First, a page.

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Supplements for High Cholesterol

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A plush heart and a stethoscope

Our bodies need cholesterol to make hormones, vitamin D and substances that help us digest foods, but too much cholesterol can become a big problem. High cholesterol has no real symptoms, so it can easily go undetected. A simple blood test can determine your level; the normal range for total cholesterol is less than 200 mg.

High Cholesterol and Heart Disease

According to the Centers for Disease Control and Prevention (CDC), people with high total cholesterol have approximately twice the risk of heart disease as people with ideal levels. This can be a frightening statistic when we realize that 31.7% of Americans have high levels of the “bad” LDL cholesterol. LDL particles transport cholesterol through the blood and may cause cholesterol to be deposited in your arteries. From there, it can accumulate and eventually cause plaque to develop in the arteries. Plaque build-up narrows the arteries and under certain circumstances the plaque will rupture, causing a clot to form (see picture below). The resulting heart attack, stroke or occlusion can be devastating to your health. However, we can make many health-conscious choices to dramatically reduce the risk of heart disease.

Illustration of a normal artery and a blocked artery

A healthy diet (with an emphasis on plant rather than animal or manmade fat), regular exercise and weight loss are all lifestyle factors that impact cholesterol and overall heart disease risk. Using tobacco of any kind can also cause cholesterol or heart disease issues; if you smoke, dip or vape, please quit.

Listed below are several supplements that help reduce LDL cholesterol. While these alternatives are beneficial, be sure to check with your physician to see if a prescription medication is also needed.

1. Soluble Fiber

For those with high cholesterol levels, consuming soluble fiber can be effective for lowering total cholesterol and LDL cholesterol. Fiber binds to cholesterol and carries it out of your body before it can be absorbed into your bloodstream. Many fiber-rich food sources are readily available, including fruits, vegetables, oatmeal, whole grains and beans.

The American Heart Association recommends three grams of soluble fiber from oats, or seven grams soluble fiber from psyllium, daily to lower LDL cholesterol. Psyllium husk is 70 percent soluble fiber which is available in powder form in the products Konsyl and Metamucil.  Be sure to look at the product’s ingredient label to confirm that you are getting the recommended seven grams of soluble fiber, as this recommendation may not correlate with the total number of grams of psyllium in the product. As psyllium is also a great product for regularity; gradually work up to seven grams per day and increase as tolerated. Aim to drink eight ounces of water with every one teaspoon of psyllium each day.

Fiber supplements can interfere with the body’s absorption of other supplements and medications, so it is important to take fiber supplements separately. It is best to take fiber supplement products at least two hours before or two hours after other supplements and prescriptions. To learn more about psyllium, read this article written by one of Cooper Clinic’s registered dietitian nutritionists.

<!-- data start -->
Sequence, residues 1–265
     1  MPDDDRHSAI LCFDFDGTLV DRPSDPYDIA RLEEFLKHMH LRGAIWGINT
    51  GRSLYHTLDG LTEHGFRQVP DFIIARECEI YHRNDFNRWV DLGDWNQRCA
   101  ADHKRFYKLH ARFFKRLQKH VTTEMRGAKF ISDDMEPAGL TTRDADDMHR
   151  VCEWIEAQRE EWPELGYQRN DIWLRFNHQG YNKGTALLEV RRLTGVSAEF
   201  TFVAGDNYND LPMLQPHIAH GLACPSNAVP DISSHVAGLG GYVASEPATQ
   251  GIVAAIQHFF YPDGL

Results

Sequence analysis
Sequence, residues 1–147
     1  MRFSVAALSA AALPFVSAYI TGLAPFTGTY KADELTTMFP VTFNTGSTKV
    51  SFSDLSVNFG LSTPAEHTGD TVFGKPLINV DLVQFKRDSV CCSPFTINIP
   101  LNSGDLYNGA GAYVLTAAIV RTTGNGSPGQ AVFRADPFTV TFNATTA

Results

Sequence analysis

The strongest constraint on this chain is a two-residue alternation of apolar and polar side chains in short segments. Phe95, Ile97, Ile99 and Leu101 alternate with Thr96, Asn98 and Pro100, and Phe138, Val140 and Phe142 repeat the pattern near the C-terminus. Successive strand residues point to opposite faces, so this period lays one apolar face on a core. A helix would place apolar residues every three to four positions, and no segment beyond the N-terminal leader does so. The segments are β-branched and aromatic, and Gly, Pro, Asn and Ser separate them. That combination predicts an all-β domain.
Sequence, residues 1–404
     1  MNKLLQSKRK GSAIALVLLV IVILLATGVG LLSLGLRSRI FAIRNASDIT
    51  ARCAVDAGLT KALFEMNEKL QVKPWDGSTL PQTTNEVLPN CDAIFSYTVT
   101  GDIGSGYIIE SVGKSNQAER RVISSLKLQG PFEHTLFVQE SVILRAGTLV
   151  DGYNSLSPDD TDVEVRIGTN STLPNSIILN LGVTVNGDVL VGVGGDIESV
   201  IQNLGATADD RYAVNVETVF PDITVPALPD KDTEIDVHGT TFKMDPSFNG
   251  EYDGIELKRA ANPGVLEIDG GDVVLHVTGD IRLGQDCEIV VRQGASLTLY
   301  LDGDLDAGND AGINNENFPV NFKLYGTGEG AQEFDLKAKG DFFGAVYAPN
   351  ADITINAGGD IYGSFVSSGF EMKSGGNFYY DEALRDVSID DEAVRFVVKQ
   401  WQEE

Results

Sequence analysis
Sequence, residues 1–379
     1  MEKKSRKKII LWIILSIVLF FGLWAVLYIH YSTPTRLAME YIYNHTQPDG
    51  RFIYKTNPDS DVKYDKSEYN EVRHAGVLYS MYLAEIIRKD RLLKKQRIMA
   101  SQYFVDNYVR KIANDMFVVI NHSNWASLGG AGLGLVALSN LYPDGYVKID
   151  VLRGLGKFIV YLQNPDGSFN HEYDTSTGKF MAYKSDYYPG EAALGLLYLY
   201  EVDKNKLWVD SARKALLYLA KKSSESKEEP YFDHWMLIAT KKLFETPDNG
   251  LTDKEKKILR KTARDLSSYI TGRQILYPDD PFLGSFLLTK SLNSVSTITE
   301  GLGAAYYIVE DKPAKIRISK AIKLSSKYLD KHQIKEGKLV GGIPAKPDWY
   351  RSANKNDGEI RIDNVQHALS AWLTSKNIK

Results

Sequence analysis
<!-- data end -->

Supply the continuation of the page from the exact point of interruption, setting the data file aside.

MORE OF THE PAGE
2. Plant Stanol and Sterol Esters

Plant sterols and stanols are substances found naturally in a variety of plants. Numerous studies have shown that plant sterol and sterol esters are effective for reducing total cholesterol and LDL cholesterol by approximately 10 to 15 percent. From a molecular perspective, sterols and stanols look a lot like cholesterol and actually compete with cholesterol for absorption in the digestive system. Due to their healthy influence on high cholesterol, stanols and sterols have been added to many food products including margarine spreads, orange juice and cereals. Dietary supplements are also available, such as CholestOff®. The recommended amount to lower high cholesterol is two grams daily, split between the two meals containing the most fat.

3. Omega-3 Fatty Acids

Omega-3 fatty acids are very beneficial for cardiovascular health at large, which is why the American Heart Association recommends eating fatty fish such as salmon, herring, mackerel and tuna at least twice a week. It is estimated that in the United States, adults consume 50 percent or less of the necessary amounts of Omega-3 on a daily basis.

Omega-3 supplements such as Cooper Complete Advanced Omega-3 fatty acids can be an important addition to your health routine. While Omega-3 fatty acids do not lower the “bad” LDL cholesterol, they do lower triglycerides (another type of fat in your blood) and increase your “good” HDL cholesterol. Research published in the International Journal for Vitamin and Nutrition Research found that participants who consumed a combined total of 1200 mg of EPA + DHA per day for 12 weeks reduced triglycerides by 23 percent. This is the amount of EPA and DHA found in Cooper Complete Advanced Omega- 3.

To learn more about Omega-3 fatty acids and our entire line of Cooper Complete supplements, visit or call 888.393.2221. 

Article provided by Karen Perkins, Account Executive for Cooper Concepts.